The biology and ecology of Potentilla recta in the Blue Mountains of northeastern Oregon Public Deposited

http://ir.library.oregonstate.edu/concern/graduate_thesis_or_dissertations/c821gn56g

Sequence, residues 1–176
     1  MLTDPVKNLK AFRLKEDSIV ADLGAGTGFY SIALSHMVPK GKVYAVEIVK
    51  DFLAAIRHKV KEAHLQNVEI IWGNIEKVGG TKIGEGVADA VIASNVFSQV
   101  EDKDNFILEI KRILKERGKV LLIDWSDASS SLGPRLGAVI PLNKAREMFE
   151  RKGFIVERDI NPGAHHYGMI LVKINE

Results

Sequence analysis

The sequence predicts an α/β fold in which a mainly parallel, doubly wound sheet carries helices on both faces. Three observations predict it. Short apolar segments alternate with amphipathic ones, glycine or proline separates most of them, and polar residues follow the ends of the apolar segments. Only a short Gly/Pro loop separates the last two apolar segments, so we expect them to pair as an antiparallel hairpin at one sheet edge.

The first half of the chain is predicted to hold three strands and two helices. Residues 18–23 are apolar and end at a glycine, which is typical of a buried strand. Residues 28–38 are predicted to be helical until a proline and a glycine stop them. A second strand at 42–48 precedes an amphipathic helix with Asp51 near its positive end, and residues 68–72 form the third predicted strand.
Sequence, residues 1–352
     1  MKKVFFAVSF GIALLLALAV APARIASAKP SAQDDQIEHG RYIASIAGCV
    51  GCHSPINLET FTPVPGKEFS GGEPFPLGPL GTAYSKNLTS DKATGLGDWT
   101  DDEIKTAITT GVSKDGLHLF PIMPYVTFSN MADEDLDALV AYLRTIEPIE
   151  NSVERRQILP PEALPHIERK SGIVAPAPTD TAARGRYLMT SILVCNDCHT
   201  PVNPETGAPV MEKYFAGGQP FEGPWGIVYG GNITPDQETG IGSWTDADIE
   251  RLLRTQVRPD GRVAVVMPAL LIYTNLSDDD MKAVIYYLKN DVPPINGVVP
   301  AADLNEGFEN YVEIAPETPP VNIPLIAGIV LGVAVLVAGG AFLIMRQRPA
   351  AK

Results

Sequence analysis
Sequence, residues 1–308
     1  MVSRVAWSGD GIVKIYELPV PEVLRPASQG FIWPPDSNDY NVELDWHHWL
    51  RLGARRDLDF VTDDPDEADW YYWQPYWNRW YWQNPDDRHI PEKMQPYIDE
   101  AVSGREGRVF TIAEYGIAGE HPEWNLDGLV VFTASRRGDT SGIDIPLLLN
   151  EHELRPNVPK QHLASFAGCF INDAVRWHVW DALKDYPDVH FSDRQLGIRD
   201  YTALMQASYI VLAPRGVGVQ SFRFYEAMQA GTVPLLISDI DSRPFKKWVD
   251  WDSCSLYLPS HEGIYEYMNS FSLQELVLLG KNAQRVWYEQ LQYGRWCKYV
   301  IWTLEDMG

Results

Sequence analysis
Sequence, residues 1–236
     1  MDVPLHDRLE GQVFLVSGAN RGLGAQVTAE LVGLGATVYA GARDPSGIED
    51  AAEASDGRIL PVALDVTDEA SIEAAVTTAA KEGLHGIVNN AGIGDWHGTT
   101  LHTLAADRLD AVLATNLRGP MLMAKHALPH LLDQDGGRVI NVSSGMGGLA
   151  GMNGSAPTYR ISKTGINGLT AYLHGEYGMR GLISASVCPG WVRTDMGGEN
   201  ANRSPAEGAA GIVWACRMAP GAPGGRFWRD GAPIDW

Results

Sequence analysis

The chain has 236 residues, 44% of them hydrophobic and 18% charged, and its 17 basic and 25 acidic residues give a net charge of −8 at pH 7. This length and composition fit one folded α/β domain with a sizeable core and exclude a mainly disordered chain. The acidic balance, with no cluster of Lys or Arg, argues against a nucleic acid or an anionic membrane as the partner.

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  • Two experiments were conducted on the invasive plant species Potentilla recta in northeastern Oregon to investigate both biological and ecological characteristics of the species. Growth analysis was conducted on the plant at three sites over a period of two years (2002 and 2003). Relative growth rate (RGR) was calculated for Potentilla recta, as were net assimilation rate (NAR), leaf area ratio (LAR), specific leaf area (SLA), and leaf weight fraction (LWF). In a second experiment, hand tool modifications were imposed on Potentilla recta inhabited areas to obtain basic population demography under differing environmental conditions. Morphological characteristics including width, leaf number, height, and stem number were recorded, as well as germination, mortality, and plant growth phase. Potentilla recta was not significantly different from native plants in relative growth rate (maximum mean value of 1.011 g g⁻¹ week) or its components. This suggests that there are other mechanisms contributing to Potentilla recta's success than rate of growth. The manipulations of site characteristics indicated that replacement of soil had the greatest initial impact on Potentilla recta germination (1.8/ plants 0.25 m²) while no manipulation resulted in the highest germination (29.9/ seedlings 0.25 m²) of Potentilla recta. Mortality was highest (100%) when plots were clipped, overseeded, and bare. Mortality was lowest (95%) in bare soil with a Potentilla recta plant present. The seed bank was found to have significant impact on seedling germination in comparison to seed rain. Survival of Potentilla recta was low overall, which may indicate other factors such as climate and vegetative reproduction are more important than sexual reproduction in patch expansion and stability. This study points to the importance of population characteristics over individual fitness in the success of Potentilla recta in the Blue Mountains of northeastern Oregon.
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